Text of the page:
Some years ago, The Powers That Be declared it mandatory that new smartphone generations arrive every single year, even when there’s not much to update. Companies often angle for strategic launch dates and windows — and given that the phone market is essentially a two-way battle between Samsung and Apple, there’s a constant pressure to one-up the other. Samsung, however, may have pushed this too far. In its haste to beat Apple to the punch, the company may have compromised its own battery technology, leading to the current Note 7 recall.
Samsung executives heard the new iPhone wouldn’t really offer any eye-popping features or major capabilities that consumers would want, according to Bloomberg. Company executives then rushed to take advantage of this, calling on suppliers to push the envelope and deliver new features like iris scanning and edge-to-edge screens, and continued advancement of existing ones like fast battery charging.
Samsung wanted to move aggressively at a moment when Apple seemed to be stuck in a rut. Sometimes, a strategy like this pays off. Sometimes, it literally blows up in your face. Samsung gambled for the former and got the latter.
Samsung has since admitted that the problem with its Galaxy Note 7 phones is that the battery pack is ever so slightly too large for its chassis. The space pinches the battery, causing a short circuit in the cells of one particular supplier. This is why the failure has been comparatively rare. But it’s also why Samsung had to recall the product — its own modeling shows that some of these cells will short-circuit. It’s also possible that sitting or bending down with the phone in your pocket causes the problem in certain cases.
The recall is currently expected to cost Samsung about $2 billion. The company recently sold holdings in ASML, Seagate, Rambus, and Sharp to raise a total of $891 million to help pay for the Note 7 recall. Sales are expected to resume in Korea on September 28, with no word on when they’ll pick up again in other markets.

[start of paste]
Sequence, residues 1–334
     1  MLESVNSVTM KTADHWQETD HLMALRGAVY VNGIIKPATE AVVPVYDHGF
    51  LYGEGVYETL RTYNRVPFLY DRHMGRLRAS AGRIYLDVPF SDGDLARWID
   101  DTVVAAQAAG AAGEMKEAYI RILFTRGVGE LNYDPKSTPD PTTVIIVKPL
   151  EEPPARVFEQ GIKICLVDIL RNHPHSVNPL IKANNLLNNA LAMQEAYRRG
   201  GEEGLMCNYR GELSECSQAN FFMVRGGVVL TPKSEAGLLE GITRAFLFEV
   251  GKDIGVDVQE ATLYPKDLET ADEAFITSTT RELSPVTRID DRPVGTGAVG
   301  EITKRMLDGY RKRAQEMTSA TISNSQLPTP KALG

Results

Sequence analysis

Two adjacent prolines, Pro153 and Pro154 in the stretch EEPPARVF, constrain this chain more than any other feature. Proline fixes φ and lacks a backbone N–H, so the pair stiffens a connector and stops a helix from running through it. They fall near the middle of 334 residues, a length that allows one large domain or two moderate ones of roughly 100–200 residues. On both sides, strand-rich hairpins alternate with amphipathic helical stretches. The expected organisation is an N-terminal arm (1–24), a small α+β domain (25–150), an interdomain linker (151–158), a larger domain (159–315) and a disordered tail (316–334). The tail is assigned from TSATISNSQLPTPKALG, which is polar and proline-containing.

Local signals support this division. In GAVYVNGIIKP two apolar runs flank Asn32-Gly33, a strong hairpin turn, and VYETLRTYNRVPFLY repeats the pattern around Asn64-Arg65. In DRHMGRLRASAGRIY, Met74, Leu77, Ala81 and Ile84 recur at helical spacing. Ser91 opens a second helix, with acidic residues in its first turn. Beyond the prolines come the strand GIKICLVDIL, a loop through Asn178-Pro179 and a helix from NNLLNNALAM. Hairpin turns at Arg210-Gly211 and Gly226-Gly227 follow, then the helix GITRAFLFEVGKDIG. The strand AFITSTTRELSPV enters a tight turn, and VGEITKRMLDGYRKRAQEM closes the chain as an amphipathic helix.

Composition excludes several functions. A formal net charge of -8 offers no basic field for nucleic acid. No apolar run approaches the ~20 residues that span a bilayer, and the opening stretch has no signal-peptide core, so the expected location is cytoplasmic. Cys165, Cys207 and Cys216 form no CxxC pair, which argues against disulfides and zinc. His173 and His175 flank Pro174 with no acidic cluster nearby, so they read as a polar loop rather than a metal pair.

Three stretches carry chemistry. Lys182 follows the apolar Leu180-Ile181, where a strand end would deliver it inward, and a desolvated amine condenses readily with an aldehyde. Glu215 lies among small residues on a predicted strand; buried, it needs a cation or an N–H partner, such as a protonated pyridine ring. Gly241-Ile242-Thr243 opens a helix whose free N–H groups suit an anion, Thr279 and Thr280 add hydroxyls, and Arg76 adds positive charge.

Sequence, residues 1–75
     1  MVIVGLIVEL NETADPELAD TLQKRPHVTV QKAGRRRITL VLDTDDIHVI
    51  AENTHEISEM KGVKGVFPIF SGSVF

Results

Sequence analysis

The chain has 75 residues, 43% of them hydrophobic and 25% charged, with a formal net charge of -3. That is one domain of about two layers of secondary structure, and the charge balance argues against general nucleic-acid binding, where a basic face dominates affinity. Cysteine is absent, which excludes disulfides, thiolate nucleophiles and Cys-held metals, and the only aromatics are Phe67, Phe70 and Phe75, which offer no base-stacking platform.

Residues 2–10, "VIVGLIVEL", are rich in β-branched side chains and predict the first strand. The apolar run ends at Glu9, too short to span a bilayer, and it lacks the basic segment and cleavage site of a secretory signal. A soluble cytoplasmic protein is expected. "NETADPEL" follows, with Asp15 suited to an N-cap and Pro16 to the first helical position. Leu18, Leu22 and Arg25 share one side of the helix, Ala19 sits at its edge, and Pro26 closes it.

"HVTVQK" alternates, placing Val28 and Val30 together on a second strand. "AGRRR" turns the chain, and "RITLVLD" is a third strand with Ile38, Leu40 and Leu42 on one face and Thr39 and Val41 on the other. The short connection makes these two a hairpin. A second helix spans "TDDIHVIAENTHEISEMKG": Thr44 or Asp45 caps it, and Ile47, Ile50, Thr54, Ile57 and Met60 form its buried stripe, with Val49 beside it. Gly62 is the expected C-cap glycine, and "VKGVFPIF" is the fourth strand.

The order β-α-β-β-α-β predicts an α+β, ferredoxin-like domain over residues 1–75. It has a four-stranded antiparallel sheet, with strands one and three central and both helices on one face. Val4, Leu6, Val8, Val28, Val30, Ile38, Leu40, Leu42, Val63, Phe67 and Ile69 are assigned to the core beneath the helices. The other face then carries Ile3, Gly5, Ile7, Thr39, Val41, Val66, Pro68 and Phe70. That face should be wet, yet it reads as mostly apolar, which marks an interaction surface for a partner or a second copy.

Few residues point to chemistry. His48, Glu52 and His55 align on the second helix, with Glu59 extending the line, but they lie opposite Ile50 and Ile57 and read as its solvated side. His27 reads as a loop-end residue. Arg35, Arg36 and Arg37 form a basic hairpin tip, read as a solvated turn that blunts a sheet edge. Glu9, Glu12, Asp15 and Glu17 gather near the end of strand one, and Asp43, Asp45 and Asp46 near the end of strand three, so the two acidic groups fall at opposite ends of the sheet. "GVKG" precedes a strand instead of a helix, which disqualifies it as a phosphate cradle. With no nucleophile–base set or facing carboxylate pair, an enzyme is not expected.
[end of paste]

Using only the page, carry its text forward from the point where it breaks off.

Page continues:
Meanwhile, Apple fans are still queuing up for the iPhone 7, while Samsung is left without a credible alternative story to pitch. Watching various reactions to problems with Apple’s touch disease, Samsung’s recall, and the general battle between iOS and Android fans, I seriously wonder if there’s much point to rushing forward in an attempt to beat the competition. The smartphone market is saturated in the United States. It’s split primarily between Samsung and Apple, with companies like HTC and LG nibbling at the edges. Microsoft and BlackBerry are no longer on the radar.
When Android and iOS were new, it made sense for Apple and Samsung to try and snipe each other’s customers. Today, how many people are honestly interested in switching between one OS or the other? Not many, I think — and that means it may behoove Samsung to spend more time pleasing its existing faithful, as opposed to trying to hit meaningless launch windows that aren’t going to actually persuade people to switch.
As a long-time iOS user who isn’t very happy with the iPhone 7, the phone I’d buy to replace my aging iPhone 5c (were I in the market) is probably an iPhone SE, not a Samsung device. It’s not that there’s anything wrong with Samsung and I’ve used Android before — I simply prefer Apple and small, one-handed devices. Android’s relentless push towards big screens means I’m not particularly interested in most of the Android hardware out there. Combine the familiarity bias with intrinsic device differences, and I think chasing customers in the hopes of converting them is a fool’s errand.